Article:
The gypsy camp horses didn’t wear western saddles. A western saddle has a “horn” on the front that a rider can hold. These were English saddles. English saddles have a small pocket at the front so that a rider can grip it if she feels insecure. I slipped my right hand into the little pocket and gripped it tightly. Even though I was excited, this was new territory for me.
Marion taught me how to squeeze the horse’s flanks to make him walk; and how to pull gently on the reins to steer the horse. I kept my hand in the front pocket of the English saddle, with the reins held in each hand. If I needed to steer the horse, all I had to do was release one hand and pull ever so slightly.
As we started on the trail at a relaxed walk, I noticed that steering was hardly necessary. The tree-lined trail was a well-worn dirt path and the horses had it memorized, so Marion and I were able to talk and enjoy the warm sunshine. I marveled at the rippling muscles beneath my legs. My horse was a rare combination of gentleness and raw power. I found myself in awe of the magnificent beast on which I rode.
I also noticed that my horse and Marion’s kept perfect step with one another as they walked side by side, and I shared my observation with Marion. 
“Didn’t I tell you?” she asked. “These aren’t ordinary horses. These are retired circus horses. They’re trained to be synchronized with one another. If one horse walks, they ALL walk. If one horse breaks into a canter, they ALL break into a canter. Pretty cool, huh?”
“Uh, WE don’t be doing any cantering today, will we?” I asked nervously.
“Not right away,” she replied. “You need to get used to walking first.”
“Oh, good,” I said. “I don’t think I’m ready yet.”
Just then, to Marion’s left side, a group of seven horses galloped by outside the line of trees, still following the general direction of the trail. They were being ridden by experienced riders with a good sense of balance, and they were all having a fabulous time!
I was NOT having a fabulous time. As soon as our retired circus horses saw the other group gallop past us, THEY went from a gentle walk to a full gallop!
“Hang on!” Marion instructed quickly as I bounced hard up and down in the saddle. I didn’t have a clue how to gallop a horse!
“What do we do?” I hollered. “Do these horses come with anti-lock brakes?”
Marion, who was very experienced, kept a cool head.
“You’re doing fine,” she assured me. “See if you can take your right hand and pull back firmly on the reins.”
Even though I felt like I was going to fall off at any second, she and I both pulled back firmly on the reins of our horses and they came to a complete stop, side by side. The “Gunsmoke” extras were already far ahead of us on the trail, so our horses didn’t need to synchronize with any other animals.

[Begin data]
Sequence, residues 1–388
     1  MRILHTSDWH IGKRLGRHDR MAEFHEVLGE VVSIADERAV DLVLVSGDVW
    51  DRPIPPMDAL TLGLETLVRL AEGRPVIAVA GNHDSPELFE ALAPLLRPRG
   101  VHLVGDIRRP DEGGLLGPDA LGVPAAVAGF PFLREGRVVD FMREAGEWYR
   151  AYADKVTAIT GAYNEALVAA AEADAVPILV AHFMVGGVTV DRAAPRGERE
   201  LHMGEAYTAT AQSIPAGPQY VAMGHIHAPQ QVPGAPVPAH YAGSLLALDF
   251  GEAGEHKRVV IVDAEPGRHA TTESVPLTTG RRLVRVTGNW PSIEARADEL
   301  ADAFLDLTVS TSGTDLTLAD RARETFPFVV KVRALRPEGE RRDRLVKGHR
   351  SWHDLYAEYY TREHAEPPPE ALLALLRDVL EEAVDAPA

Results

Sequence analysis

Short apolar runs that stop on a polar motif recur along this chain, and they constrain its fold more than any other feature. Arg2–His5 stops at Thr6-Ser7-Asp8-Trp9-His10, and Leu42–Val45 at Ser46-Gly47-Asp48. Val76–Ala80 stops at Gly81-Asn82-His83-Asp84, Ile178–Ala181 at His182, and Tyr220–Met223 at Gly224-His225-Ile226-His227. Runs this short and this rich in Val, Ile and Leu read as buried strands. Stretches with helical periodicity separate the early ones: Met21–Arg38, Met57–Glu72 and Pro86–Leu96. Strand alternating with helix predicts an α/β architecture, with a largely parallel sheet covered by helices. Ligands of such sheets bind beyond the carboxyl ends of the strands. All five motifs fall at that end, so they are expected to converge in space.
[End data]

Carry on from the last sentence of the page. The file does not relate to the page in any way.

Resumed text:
“Are you okay?” Marion asked, laughing. “You were doing well for a beginner. Next time, try standing up a little in the stirrups and leaning forward with your body.It’ll keep you from bouncing too hard.”
“I’ll be okay once my brains unscramble,” I assured her. “Let’s try again, at a walk.”
“Remember how to get your horse started?” she quizzed.
“Squeeze his flanks with my legs?” I asked tentatively.
“That’s right,” she replied. “I’ll make a rider out of you yet,” she promised.
We started at a gentle walk again. I wasn’t ready yet for a canter, trot, or gallop. Yet, I had to admire my roommate. Horseback riding was a skill that obviously took a lot of practice to learn, and having Marion with me on the trail that day probably saved me from falling off my horse.
We walked along for about an hour, enjoying the sunshine and the gentle breezes. It was a wonderful, relaxing trail ride, right up until ALMOST the end of the trail.
Our horses stopped in front of a dry creek bed. They had to gallop to get to the top of a hill. On the other side of the hill, the path continued a short way before leading to the stables.
Marion went first, squeezing hard on the flanks of her magnificent animal as it easily mounted the hill at a full gallop. She turned her horse around to face me.
“Okay, now YOU try!” she invited.
If I were the long hand on an analog clock, I would have been pointing at “12”. I squeezed hard on the flanks and my horse took off like a bolt of lightning. By the time I reached about a third of the way up the hill, I had gone from “12” to “10”, and by the time we reached the crest of the hill where Marion was, I was at “9”. I hung on for dear life with my right foot clinging to the inside of the stirrup. There wasn’t a whole lot holding me on that saddle, and I suddenly wished with all my might that saddles came with seat belts.
Marion quickly dismounted her pretty mare and ran to me to push me back up into my saddle. I thank God that she was there, and that she never panicked. She continued to keep a cool head.
She pushed me upright in my saddle, and soon we were on our way to the stables. While an attendant led our horses away to be bathed and brushed, Marion and I chatted with a classmate’s family that we recognized, and negotiated a ride back to the dorm.
“What did you think?” Marion asked when we reached our dorm room. 
“I thought it was fun!” I told her. “I’m sure glad ONE of us knew what we were doing!”
We both laughed, thinking about how funny I looked sitting sideways on my horse. We still had the weekend ahead of us, and we enjoyed it together. We just AVOIDED dry creek beds and steep hills!